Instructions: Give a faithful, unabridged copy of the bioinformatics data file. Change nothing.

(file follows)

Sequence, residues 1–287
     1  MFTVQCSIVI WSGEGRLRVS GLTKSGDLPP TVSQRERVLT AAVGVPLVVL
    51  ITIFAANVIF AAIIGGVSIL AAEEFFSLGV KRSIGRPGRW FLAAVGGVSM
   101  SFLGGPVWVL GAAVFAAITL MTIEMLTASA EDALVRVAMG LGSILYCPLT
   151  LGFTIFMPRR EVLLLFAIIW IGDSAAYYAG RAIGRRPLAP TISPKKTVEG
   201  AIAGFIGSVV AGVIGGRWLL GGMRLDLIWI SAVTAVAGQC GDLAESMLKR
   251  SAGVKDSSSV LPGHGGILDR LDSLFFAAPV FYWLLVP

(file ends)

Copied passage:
Sequence, residues 1–287
     1  MFTVQCSIVI WSGEGRLRVS GLTKSGDLPP TVSQRERVLT AAVGVPLVVL
    51  ITIFAANVIF AAIIGGVSIL AAEEFFSLGV KRSIGRPGRW FLAAVGGVSM
   101  SFLGGPVWVL GAAVFAAITL MTIEMLTASA EDALVRVAMG LGSILYCPLT
   151  LGFTIFMPRR EVLLLFAIIW IGDSAAYYAG RAIGRRPLAP TISPKKTVEG
   201  AIAGFIGSVV AGVIGGRWLL GGMRLDLIWI SAVTAVAGQC GDLAESMLKR
   251  SAGVKDSSSV LPGHGGILDR LDSLFFAAPV FYWLLVP